Where would be without the initiatives of the early twentieth century when the authorities were taking steps with regard to the impetus of the arrival of tourists. In 1905, the National Commission on Tourism was formed by the Ministerio de Fomento to promote the excursions and recreation of foreigners. In 1907, there followed in Tenerife the Centre of Propaganda and in 1912, the Committee of Tourism of the Orotava Valley and shortly afterwards, the Island Board of Tourism.6

All of these were formed with the objective of promoting the arrival of tourists, turning, little by little, the Canaries into a sector that seemed to go grow although weakly because of events such as the First World War, the effects of the crash of the economic world of 1929, the Civil War and then the Second World War. These represented years where there was a national economic recession and there was the subsequent impact on the tourism.

In spite of this, there were still several more measures, including the creation of the Patronato Nacional de Tourism in 1928, in addition to emerging new establishments such as Hotel Battenberg (called originally, The Costa Clinic and Nursing Home – 7). These years may not have been favourable for tourism but there was an improvement in communications, particularly with the inauguration of the Los Rodeos Airport in 1933 (8). Even so, the presence of the tourist in the 1940s was still in a minority until the arrival of the 1950s and the need for the Franco regime to put in motion a whole series of measures favourable to economic growth and tourism.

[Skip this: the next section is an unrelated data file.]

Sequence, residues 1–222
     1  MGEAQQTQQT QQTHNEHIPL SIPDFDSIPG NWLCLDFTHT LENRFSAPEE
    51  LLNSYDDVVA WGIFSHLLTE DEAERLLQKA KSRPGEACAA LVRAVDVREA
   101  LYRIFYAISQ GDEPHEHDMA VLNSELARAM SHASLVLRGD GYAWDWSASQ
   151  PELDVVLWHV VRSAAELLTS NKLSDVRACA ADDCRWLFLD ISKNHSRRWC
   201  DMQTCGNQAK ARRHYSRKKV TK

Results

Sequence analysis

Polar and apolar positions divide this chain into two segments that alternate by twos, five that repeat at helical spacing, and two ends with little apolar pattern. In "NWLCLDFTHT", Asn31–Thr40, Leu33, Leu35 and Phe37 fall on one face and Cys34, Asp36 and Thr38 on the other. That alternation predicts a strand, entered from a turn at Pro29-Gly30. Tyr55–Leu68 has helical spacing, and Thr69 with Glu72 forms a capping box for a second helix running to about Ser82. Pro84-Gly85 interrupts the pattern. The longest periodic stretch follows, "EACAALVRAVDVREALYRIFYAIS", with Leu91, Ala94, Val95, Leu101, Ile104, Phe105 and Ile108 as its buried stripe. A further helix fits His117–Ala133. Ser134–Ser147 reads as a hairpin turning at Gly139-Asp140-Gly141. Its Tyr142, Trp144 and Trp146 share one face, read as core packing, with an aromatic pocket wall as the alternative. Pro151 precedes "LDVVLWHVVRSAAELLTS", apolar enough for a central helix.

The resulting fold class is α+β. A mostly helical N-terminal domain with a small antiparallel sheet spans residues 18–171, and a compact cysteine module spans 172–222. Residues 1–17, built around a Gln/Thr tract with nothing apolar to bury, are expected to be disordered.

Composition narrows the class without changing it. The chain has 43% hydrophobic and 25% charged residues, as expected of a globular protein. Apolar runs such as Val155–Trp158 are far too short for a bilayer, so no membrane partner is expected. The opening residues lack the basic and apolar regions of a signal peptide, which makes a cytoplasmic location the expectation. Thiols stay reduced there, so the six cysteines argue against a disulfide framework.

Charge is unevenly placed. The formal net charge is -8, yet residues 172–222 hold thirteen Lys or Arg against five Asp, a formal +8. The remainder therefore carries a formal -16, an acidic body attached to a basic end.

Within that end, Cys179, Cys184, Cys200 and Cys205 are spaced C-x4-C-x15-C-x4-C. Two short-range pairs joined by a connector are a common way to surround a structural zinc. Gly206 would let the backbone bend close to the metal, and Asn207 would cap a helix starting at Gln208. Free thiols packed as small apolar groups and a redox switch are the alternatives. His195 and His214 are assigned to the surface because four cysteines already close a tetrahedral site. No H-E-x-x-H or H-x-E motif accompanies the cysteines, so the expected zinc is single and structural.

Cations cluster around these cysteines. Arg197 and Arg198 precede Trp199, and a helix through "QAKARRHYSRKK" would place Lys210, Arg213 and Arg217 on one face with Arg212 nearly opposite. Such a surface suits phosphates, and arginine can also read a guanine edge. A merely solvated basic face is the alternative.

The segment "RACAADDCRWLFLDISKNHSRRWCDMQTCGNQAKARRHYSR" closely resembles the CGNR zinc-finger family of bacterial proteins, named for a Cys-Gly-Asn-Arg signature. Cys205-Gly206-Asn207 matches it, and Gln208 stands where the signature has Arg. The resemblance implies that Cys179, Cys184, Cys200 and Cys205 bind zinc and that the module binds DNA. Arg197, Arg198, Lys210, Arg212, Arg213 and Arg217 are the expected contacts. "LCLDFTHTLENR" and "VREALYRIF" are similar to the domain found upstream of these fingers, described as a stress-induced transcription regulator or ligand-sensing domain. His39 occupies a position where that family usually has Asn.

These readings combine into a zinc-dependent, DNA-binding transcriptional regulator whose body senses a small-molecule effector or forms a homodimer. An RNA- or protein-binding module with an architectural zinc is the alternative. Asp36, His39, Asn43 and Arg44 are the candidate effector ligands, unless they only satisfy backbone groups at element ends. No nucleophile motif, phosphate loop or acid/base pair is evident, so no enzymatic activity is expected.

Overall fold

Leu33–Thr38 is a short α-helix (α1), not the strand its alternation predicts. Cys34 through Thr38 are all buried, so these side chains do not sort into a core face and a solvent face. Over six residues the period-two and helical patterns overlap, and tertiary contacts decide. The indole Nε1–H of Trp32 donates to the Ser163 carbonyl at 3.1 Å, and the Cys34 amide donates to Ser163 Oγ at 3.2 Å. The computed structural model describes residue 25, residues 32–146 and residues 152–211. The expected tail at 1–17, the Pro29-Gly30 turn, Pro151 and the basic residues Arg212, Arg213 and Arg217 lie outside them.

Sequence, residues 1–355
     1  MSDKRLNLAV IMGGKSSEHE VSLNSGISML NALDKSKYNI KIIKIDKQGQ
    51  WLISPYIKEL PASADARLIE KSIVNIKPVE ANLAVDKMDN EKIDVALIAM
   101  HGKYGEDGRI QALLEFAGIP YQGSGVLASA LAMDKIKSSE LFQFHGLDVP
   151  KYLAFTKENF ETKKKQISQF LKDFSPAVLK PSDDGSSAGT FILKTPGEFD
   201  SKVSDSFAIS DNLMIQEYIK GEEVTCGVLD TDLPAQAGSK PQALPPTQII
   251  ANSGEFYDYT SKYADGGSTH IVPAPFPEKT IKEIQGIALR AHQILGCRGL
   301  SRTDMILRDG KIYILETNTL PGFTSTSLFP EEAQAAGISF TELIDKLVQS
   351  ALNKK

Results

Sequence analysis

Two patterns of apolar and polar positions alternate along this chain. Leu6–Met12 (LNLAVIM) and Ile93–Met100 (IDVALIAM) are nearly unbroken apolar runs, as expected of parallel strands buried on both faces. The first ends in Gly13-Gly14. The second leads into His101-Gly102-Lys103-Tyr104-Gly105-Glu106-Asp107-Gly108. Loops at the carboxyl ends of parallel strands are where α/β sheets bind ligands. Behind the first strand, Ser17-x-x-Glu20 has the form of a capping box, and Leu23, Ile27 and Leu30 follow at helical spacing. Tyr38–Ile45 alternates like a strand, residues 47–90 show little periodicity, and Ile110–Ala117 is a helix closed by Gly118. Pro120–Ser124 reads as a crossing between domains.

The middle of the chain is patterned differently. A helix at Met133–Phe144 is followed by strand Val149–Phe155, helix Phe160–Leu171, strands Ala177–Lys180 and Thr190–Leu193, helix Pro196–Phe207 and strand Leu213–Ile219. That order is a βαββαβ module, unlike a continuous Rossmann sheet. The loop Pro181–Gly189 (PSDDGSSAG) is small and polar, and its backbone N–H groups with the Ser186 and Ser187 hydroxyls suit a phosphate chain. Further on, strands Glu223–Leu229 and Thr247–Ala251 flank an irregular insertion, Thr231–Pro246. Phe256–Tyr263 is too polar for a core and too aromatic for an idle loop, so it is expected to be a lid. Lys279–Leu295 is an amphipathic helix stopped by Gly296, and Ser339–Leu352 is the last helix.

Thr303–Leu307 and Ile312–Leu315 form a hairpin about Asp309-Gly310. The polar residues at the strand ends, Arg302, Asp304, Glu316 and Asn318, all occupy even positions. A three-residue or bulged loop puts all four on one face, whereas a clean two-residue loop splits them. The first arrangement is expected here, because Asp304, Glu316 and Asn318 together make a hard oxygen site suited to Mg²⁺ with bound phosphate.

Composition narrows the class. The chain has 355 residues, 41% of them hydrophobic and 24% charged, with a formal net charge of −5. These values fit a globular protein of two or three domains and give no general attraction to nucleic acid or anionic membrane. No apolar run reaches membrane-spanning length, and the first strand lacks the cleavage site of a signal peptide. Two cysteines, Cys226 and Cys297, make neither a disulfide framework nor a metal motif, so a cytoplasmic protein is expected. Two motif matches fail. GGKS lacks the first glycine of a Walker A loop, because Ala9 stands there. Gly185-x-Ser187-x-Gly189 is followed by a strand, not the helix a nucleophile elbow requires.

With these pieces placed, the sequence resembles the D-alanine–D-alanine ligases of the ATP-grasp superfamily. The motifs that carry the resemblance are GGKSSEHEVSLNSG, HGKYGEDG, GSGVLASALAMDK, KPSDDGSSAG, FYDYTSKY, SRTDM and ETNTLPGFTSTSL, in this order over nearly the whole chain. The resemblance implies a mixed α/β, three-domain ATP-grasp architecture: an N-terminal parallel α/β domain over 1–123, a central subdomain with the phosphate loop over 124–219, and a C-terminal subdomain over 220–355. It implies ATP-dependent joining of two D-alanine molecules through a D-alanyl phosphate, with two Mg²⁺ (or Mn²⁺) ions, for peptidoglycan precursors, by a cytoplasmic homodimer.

1 – HERNÁNDEZ GUTIÉRREZ, A. Sebastián. La Edad de Oro, 1996, p.8.

2 – GONZÁLEZ LEMUS, Nicolás. Del Hotel Martiánez al Hotel Taoro. Historia de la primera empresa turística en Canarias, p.20

3 – GUIMERÁ RAVINA, Agustín, El hotel Taoro, p. 28.

4 – GUIMERÁ RAVINA, Agustín, El hotel Taoro, p. 28.

5 – HERNÁNDEZ GUTIÉRREZ, A. Sebastián. Cuando los hoteles eran palacios, págs. 80- 85, 1991.

6- LEDESMA, Oswaldo, p. 31

7- GONZÁLEZ LEMUS, Nicolás; Pedro G. Miranda Bejarano, “El turismo en la historia de Canarias”, págs. 121-122

8- MARTÍN RIVERO, Raquel; GONZÁLEZ MORA, Yenis M; MARTIN AZAMA, Diana, “Evolución del destino Puerto de la Cruz. Un enfoque desde el modelo del ciclo de vida”, En: El Turismo en Canarias, p. 125.